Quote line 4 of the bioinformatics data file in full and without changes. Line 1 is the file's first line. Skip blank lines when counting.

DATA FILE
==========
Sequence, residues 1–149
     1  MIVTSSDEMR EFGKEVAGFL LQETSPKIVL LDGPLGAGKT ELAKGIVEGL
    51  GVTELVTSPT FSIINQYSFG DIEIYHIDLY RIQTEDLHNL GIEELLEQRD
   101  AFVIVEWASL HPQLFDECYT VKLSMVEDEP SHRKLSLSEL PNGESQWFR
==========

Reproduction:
   101  AFVIVEWASL HPQLFDECYT VKLSMVEDEP SHRKLSLSEL PNGESQWFR